- Associated Press - Friday, October 30, 2015

LONDON (AP) - South Africa finished third in the Rugby World Cup after subduing Argentina 24-13 on Friday in a consolation playoff that only the players will remember.

Both sides were earnest and willing at Olympic Stadium in a game that was watchable and livened by a couple of shoving contests that roused the sellout crowd of almost 56,000.

But the Springboks, pragmatic to the end, were hardly changed from their semifinal loss to New Zealand and looked tired. They scored only two tries, none to Bryan Habana, who had some half-chances to claim the World Cup’s all-time tries record to himself and came off with 13 minutes to go because of cramps.

The Pumas were handicapped by wholesale changes and lacked cohesion, just five days after their semifinal defeat to Australia. Marcos Ayerza, arguably the world’s best loosehead prop, strained his hamstring in training and had to withdraw, the 10th change to their starting lineup. It took them until the second minute of injury time to score their only try to replacement prop Juan Pablo Orlandi.

South Africa coach Heyneke Meyer was proud of his side, and still regretting losing the semifinal by two points.

“If you jump up and down because you’re third, you shouldn’t be coach of South Africa,” Meyer said.

South Africa, up 16-0 at halftime, made victory certain when lock Eben Etzebeth scored their second try on his knees three minutes after the break.

From the restart, Habana - tied with New Zealand great Jonah Lomu on 15 World Cup tries - received a great pass from fullback Willie le Roux, but dropped it; his eyes were on 85 meters of clear grass and not on the ball.

In the first half, Pumas fullback Lucas Gonzalez Amorosino just beat him to a chip into goal, Habana couldn’t grab a head-high pass from Handre Pollard with the line open, and gave away a penalty in a race to the ball when he pulled on Nicolas Sanchez’s shoulder.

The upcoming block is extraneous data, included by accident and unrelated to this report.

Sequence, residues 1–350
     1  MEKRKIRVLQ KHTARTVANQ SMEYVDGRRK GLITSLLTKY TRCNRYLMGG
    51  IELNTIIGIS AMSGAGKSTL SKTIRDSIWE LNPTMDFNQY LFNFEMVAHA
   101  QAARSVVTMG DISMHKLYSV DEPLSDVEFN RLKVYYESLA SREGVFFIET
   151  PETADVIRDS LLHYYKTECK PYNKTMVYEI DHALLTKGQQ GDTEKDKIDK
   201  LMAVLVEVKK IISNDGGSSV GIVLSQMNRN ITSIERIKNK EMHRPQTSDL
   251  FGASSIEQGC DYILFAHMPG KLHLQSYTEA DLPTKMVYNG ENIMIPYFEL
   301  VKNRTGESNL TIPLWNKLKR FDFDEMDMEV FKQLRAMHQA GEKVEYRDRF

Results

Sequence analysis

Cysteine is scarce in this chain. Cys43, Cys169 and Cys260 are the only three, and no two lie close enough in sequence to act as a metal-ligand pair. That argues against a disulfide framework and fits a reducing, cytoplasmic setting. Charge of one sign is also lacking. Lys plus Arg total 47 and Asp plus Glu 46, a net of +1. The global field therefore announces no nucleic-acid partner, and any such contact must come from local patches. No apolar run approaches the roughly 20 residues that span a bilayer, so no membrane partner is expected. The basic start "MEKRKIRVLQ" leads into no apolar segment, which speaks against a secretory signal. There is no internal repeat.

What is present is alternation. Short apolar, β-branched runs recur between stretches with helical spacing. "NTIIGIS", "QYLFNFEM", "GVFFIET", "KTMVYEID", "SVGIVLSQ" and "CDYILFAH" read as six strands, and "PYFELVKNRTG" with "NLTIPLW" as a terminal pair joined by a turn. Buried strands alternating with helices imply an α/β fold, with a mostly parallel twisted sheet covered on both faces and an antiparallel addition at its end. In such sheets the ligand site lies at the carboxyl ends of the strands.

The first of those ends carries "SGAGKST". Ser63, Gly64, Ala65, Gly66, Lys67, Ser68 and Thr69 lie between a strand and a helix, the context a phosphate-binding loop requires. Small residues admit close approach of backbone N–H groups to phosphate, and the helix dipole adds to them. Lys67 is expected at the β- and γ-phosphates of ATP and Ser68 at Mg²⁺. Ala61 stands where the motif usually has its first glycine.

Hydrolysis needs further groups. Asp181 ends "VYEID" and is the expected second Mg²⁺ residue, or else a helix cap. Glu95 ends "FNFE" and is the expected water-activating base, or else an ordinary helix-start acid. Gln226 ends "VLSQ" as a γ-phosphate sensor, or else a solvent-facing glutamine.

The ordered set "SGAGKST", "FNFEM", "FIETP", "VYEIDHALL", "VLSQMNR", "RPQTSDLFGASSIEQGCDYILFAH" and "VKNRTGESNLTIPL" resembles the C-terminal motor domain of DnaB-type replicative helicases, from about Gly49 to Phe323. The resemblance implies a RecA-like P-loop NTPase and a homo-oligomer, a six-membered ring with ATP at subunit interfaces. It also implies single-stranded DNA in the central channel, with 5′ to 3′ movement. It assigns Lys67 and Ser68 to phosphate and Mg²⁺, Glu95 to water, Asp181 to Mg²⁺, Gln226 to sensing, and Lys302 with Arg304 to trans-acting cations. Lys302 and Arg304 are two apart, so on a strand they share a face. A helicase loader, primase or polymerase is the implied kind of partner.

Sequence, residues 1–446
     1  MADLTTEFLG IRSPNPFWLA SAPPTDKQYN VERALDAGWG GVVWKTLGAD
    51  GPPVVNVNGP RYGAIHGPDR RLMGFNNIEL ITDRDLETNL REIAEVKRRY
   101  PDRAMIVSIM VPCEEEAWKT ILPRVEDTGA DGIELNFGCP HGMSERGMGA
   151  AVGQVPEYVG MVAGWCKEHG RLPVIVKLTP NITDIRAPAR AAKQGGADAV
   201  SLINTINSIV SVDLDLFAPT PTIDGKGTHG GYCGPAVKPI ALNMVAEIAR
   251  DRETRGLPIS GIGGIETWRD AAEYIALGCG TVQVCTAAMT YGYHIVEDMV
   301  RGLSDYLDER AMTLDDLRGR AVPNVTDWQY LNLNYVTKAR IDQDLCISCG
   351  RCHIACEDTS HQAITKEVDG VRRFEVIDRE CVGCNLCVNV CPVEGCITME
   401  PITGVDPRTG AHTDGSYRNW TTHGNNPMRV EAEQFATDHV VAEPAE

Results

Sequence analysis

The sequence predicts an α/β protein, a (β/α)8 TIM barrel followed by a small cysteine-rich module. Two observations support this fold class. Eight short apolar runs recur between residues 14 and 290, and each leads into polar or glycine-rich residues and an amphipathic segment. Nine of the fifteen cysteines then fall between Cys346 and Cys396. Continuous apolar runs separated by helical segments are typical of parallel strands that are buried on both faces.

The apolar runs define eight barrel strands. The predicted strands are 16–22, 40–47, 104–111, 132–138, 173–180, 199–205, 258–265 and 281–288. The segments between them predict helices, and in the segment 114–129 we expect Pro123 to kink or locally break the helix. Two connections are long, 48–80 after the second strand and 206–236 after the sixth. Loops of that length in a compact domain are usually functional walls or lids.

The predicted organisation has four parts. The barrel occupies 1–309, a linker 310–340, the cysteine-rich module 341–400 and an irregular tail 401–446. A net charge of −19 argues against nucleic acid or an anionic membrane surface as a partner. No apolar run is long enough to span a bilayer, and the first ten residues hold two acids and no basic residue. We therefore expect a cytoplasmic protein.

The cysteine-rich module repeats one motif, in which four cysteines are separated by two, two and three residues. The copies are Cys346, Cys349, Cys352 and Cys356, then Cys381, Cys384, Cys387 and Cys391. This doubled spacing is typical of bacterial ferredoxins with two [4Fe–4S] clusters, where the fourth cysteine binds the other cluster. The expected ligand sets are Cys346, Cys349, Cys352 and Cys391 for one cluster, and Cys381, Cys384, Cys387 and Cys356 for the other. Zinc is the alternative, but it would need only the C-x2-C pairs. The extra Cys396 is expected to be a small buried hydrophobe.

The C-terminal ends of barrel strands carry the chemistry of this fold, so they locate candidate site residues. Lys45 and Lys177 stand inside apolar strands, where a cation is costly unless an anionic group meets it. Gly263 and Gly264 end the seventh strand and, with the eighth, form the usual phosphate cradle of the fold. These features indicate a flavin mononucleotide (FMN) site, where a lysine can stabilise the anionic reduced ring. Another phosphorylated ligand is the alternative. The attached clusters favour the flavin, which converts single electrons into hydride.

“Tonight, he just wanted it too much,” captain Victor Matfield said.

When the chances dried after the dropped pass from le Roux, Habana limped off to the dismay of some South African fans. But by then, Olympic Stadium had become a rugby version of the red carpet, a green carpet to cheer departing stars one last time.

South Africa’s Schalk Burger waved to the crowd, then was rushed back on seven minutes later as a blood-bin replacement, and got to wave to standing fans a second time when he came off for good. Another of the Springboks’ 2007 champions, Matfield, came off 14 years, 122 days after his debut, the longest career of any Bok. Habana followed, second all-time in test tries with 64.

Fourie du Preez, who took over the captaincy after Jean de Villiers retired injured in the pool stage, didn’t play but was acknowledged at the medal ceremony.

The Argentines got to applaud one of their own, too, flanker Juan Martin Fernandez Lobbe, one of the heroes of their 2007 third-place finishers who started the Pumas’ revolution.

Fernandez Lobbe was not among the 25 in the team who have committed to Argentina’s new Super Rugby side making its debut next year. Pumas coach Daniel Hourcade said he will stay with the national team and won’t be with the Super Rugby side, but he was encouraged by the greater continuity than eight years ago, and positive they’ll be a World Cup contender in 2019.

“In 2007, many players retired and Argentine rugby suffered, but this time we do not have to start from scratch,” he said. “We will carry on going.”

While all the attention was on Habana’s chase, it was his fellow wing, JP Pietersen, who scored the first try after Argentina scrumhalf Tomas Cubelli was yellow-carded for obstructing counterpart Ruan Pienaar.

By the time Cubelli came back in the 16th minute, South Africa was 10-0 up.

The Pumas’ madcap antics cost them in the semifinals, but true to their word, they didn’t change for the third-place playoff. They accepted South Africa’s wasted boxkicks and ran back everything. But the multi-phase moves invariably died by knock-on or a poor pass.

Pollard kicked penalties and 14 points, but opposite Sanchez slotted eight points to remain the tournament’s leading scorer with 97, four more than Pollard.

The teams that beat them last weekend, New Zealand and Australia, meet in the final on Saturday at Twickenham.

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